How to create B2B content around an award win

Every industry has awards, and winning is great, of course. But how much B2B content can you create around your win?

Picture of a gold winners trophy cup.
Photo by Giorgio Trovato on Unsplash

A lot of work goes into putting together an awards entry. Pulling together the information, data, images, testimonials and writing a submission that will grab the judges attention.

Your awards entry is the story of your business journey and achievements. It’s the story of a particularly successful project or product.

It’s the story of why you do what you do and what makes you stand out from your competitors. It’s all about what makes you or what you do the best in your industry.

All of which makes fantastic B2B content on your website, social media and a potential press story.

Leverage your win

This is more than writing about how ‘delighted’ you were and posting a picture.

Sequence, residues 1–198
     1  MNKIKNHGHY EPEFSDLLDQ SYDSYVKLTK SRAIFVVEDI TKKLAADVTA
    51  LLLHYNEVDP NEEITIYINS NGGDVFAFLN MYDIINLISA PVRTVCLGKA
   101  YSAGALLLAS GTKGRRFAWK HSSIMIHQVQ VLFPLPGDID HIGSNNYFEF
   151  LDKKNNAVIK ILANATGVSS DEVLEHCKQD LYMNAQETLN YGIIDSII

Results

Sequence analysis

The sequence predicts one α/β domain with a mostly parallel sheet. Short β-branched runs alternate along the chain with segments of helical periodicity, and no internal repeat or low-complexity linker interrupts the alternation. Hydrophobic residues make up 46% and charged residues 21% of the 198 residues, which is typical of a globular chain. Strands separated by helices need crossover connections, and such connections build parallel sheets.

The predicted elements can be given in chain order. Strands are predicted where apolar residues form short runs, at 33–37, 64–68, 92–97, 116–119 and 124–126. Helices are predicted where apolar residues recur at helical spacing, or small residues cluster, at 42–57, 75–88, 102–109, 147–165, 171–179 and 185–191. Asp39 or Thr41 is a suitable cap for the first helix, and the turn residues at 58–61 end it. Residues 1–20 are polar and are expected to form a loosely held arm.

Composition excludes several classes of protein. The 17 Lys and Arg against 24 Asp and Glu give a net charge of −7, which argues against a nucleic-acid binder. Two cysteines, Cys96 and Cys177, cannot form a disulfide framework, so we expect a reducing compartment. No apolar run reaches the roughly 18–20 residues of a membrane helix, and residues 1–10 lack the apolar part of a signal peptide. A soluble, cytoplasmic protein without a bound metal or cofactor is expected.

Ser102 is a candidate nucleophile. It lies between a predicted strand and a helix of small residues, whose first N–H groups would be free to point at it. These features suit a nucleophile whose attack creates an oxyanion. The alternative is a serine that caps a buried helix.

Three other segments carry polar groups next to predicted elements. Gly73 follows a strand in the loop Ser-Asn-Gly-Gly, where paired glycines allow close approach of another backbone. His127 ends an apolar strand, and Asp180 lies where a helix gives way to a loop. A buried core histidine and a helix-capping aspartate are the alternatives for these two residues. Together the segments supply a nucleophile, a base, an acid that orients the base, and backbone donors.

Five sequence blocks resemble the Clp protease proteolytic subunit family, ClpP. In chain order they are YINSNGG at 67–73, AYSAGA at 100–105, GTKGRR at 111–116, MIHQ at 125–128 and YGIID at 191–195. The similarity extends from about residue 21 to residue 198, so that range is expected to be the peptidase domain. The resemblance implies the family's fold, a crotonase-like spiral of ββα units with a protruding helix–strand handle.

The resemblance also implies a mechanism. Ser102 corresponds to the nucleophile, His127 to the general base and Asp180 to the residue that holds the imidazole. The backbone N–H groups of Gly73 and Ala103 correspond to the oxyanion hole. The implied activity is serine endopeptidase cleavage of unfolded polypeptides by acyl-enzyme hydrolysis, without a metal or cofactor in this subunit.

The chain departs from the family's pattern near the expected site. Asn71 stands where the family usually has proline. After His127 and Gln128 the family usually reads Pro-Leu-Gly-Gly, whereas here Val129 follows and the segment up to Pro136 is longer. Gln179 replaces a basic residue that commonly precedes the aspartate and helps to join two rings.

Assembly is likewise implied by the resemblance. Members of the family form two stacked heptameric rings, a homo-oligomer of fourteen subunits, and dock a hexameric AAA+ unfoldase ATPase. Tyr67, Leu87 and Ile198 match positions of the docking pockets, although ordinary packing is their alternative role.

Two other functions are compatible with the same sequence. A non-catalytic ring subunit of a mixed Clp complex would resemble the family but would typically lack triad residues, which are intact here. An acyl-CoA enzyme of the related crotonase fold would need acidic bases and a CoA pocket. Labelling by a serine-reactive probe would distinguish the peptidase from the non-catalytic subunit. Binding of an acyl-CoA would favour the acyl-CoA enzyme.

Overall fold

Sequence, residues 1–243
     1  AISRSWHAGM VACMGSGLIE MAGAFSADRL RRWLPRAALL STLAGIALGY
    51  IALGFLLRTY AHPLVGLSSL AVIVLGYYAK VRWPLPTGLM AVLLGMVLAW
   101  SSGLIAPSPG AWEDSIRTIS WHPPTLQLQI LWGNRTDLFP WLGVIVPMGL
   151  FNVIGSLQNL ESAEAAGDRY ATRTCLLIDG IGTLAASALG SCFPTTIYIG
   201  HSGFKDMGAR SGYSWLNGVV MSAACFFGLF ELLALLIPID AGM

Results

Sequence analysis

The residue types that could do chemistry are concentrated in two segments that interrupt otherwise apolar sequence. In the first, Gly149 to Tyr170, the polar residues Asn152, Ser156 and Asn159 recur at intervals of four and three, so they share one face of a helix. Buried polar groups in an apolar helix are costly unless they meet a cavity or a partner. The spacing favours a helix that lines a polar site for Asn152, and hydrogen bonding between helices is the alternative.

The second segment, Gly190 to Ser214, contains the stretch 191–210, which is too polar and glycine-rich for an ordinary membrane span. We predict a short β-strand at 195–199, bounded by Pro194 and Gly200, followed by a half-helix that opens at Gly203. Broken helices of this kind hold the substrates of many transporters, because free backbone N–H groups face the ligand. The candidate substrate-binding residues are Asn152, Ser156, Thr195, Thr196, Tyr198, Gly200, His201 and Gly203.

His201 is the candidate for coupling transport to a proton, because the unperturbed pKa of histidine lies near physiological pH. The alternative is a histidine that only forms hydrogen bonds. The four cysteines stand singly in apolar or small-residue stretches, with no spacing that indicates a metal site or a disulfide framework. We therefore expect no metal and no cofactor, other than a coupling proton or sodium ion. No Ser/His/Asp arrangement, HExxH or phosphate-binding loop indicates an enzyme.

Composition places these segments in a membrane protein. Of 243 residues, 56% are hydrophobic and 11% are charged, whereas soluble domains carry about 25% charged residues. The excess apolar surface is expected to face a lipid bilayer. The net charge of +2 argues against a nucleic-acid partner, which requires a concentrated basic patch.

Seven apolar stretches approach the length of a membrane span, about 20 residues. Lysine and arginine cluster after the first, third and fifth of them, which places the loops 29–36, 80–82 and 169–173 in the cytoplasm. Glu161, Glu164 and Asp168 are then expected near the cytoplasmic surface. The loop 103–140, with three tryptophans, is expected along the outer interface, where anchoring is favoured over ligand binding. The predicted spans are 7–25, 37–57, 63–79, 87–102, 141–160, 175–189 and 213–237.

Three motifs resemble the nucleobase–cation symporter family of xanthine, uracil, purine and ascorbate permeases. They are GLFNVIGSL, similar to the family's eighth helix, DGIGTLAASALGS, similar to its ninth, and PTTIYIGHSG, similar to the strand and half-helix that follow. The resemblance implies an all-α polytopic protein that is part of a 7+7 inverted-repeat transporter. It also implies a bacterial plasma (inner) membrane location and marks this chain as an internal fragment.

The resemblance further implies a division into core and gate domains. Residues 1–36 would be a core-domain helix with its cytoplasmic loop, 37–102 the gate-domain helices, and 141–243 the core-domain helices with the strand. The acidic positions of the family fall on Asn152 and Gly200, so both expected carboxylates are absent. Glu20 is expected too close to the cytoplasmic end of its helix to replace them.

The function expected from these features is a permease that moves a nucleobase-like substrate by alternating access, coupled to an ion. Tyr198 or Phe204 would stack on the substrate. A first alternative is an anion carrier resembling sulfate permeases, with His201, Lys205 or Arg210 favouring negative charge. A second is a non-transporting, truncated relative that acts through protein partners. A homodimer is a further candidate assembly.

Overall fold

It’s making the most of the work you did putting the entry together – and the work that won you the award.

Here are a few ideas for how to create B2B content around your award win:

1. Tell the story of what won you the award

Lifting the shiny new award was the easy bit. Getting to that point no doubt involved hard work, so write about what was involved.

What were your goals and how did you achieve them?

There were probably some ups and downs along the way. So tell the story of what you had to overcome, what the challenges were, how you solved them, and what you learned along the way.

Use that to frame what the award win means to you and your business.

You could also tease what’s next to move the story on.

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Is your B2B content alienating your readers?

I read a piece of B2B content yesterday. Well I tried to read it.

The content writer was obviously well-educated and had tried to be clever in how they presented key points but instead had made the piece inaccessible.

Notice board that says 'Insert Something Cleve